Djokovicâ€™s counsel, Nicholas Wood is arguing that â€œthe only evidenceâ€ connecting Djokovic to anti-vaccination demonstrations is a BBC article about anti-vax groupsâ€™ anger â€œin response to action by the state to cancel his visaâ€.
Not a single line of evidence in the material before the minister provided any specific, logical or probative foundation for the proposition that the mere presence of Djokovic himself â€“ not the cancellation of his visa and expulsion â€“ may somehow foster anti-vaccination sentiment.
Wood said it is conceivable that his presence could have that effect, but that is not enough.
Minister failed to seek clarification on Djokovic’s current vaccination views, court hears
The hearing has started with an explanation from Chief Justice James Allsop about why he considered the case significant enough to have a full court (three judges) hear the case to finalise it today or tomorrow.
Allsop says that they needed to go to a higher level right away, because the right of appeal by Djokovic from a single judge to three judges wouldâ€™ve been â€œinutileâ€ because of the looming Australian Open.
Basically â€“ we need a result, pronto.
In submissions just released the immigration minister, Alex Hawke, has argued that:
- It was â€œclearly openâ€ to him to conclude that Djokovic is personally opposed to vaccination.
- There is â€œample evidenceâ€ that Djokovicâ€™s presence may foster anti-vaccination sentiment.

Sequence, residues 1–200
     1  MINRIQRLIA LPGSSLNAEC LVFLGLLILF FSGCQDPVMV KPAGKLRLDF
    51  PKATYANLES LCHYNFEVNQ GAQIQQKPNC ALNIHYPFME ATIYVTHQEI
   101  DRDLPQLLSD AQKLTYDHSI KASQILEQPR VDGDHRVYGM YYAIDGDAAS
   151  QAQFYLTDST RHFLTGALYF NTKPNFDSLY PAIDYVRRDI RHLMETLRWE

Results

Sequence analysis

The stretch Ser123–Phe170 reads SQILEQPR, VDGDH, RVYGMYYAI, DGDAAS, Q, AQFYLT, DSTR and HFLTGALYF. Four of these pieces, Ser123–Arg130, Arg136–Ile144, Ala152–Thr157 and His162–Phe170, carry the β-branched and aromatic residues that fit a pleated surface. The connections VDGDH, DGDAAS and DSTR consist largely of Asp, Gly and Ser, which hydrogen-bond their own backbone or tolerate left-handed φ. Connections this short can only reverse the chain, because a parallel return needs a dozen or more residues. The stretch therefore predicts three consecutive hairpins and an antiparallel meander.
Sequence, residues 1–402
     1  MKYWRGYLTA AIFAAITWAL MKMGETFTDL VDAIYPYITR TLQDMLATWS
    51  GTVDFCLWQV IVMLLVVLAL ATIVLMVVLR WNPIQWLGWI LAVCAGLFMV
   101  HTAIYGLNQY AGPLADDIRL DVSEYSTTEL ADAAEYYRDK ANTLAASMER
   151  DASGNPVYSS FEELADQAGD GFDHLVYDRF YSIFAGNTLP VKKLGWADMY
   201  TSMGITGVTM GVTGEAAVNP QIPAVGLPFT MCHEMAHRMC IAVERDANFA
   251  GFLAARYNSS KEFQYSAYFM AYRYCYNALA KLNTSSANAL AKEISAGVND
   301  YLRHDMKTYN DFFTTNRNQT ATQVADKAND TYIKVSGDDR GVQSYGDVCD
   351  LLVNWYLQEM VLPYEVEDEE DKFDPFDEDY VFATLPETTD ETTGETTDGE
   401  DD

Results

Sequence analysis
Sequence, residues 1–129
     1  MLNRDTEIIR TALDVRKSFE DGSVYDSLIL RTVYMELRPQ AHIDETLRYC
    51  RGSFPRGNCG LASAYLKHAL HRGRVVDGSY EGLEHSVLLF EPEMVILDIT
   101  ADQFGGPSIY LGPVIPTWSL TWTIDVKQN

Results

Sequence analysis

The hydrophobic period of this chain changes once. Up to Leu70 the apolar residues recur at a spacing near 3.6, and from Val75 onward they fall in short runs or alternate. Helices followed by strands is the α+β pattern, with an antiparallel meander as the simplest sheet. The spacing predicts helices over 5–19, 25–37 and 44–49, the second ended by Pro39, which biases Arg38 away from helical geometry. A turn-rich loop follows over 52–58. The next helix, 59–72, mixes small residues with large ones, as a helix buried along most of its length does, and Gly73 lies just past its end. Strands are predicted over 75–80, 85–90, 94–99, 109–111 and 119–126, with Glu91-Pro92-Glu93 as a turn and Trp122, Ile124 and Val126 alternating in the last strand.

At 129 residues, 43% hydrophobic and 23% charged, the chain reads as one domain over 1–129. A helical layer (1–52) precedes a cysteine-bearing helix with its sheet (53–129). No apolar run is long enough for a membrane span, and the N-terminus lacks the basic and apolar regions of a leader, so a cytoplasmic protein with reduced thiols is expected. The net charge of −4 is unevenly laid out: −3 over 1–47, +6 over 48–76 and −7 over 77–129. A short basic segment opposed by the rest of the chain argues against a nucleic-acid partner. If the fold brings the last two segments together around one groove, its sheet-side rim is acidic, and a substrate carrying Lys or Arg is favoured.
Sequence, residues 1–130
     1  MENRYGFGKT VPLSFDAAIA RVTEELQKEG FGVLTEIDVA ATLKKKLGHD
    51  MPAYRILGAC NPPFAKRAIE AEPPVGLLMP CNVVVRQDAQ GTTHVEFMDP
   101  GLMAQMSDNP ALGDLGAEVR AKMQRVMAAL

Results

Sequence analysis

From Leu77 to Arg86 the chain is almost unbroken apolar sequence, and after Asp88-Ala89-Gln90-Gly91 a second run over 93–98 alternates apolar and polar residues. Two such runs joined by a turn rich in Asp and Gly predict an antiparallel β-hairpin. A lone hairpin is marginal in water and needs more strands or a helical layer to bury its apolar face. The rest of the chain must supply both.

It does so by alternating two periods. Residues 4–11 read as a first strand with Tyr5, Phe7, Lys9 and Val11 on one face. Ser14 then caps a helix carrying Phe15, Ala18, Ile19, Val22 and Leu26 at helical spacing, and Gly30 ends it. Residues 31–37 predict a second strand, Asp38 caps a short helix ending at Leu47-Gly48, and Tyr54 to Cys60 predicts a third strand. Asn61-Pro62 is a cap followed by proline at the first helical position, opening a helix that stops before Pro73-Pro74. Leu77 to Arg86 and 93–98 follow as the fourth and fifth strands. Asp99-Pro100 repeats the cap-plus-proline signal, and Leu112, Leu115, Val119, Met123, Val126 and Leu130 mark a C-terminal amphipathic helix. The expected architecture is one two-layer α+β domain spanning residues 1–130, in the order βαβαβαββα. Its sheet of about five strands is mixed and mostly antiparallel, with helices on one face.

- Djokovic has failed to show that the minister didnâ€™t consider the impact of cancellation on anti-vaxx sentiment.
Hawkeâ€™s submissions note the â€œcounter-argumentâ€ that he didnâ€™t consider the impact of Djokovicâ€™s removal and says basically … prove it. â€œThere is insufficient basis for the court to make this finding,â€ he said.
Even if Hawke didnâ€™t consider this, the minister argued that didnâ€™t make his decision illogical, irrational or unreasonable, and it was not a material error.
Hawke has responded to Djokovicâ€™s argument he should have ASKED his view by asking:
What Mr Djokovic could have said to the minister in response to a question about his stance on vaccination would not have altered the fact of his previous public statements and the views of those in the Australian community as to what his views on vaccination were.
Novak Djokovicâ€™s amended submissions are now public, arguing that immigration minister Alex Hawke:
- Failed to consider the consequences of cancellation
- Could not be satisfied that Djokovicâ€™s presence â€œis or may beâ€ a risk; and
- Was unreasonable in his conclusion about Djokovicâ€™s stance on vaccination.
Djokovicâ€™s lawyers have argued that what really galvanised anti-vaccination sentiment was the first decision to cancel Djokovicâ€™s visa, citing a BBC report about widespread backlash in the wake of that decision, which was later overturned by the federal circuit court.
It was irrational, illogical or unreasonable for the minister to fail to consider the influence of Mr Djokovicâ€™s removal on anti-vaccination sentiment.
Djokovicâ€™s lawyers also dispute claims Djokovic is an anti-vaxxer, arguing this was based on one statement in March 2020 that had since been qualified.
There was no evidence before the minister that Mr Djokovic has ever urged any others not to be vaccinated. Indeed, if anything, Mr Djokovicâ€™s conduct over time reveals a zealous protection of his own privacy rather than any advocacy.
They criticise Hawke for not making â€œthe obvious, critical, and easy inquiry of Djokovic as to what his sentiment in fact wasâ€.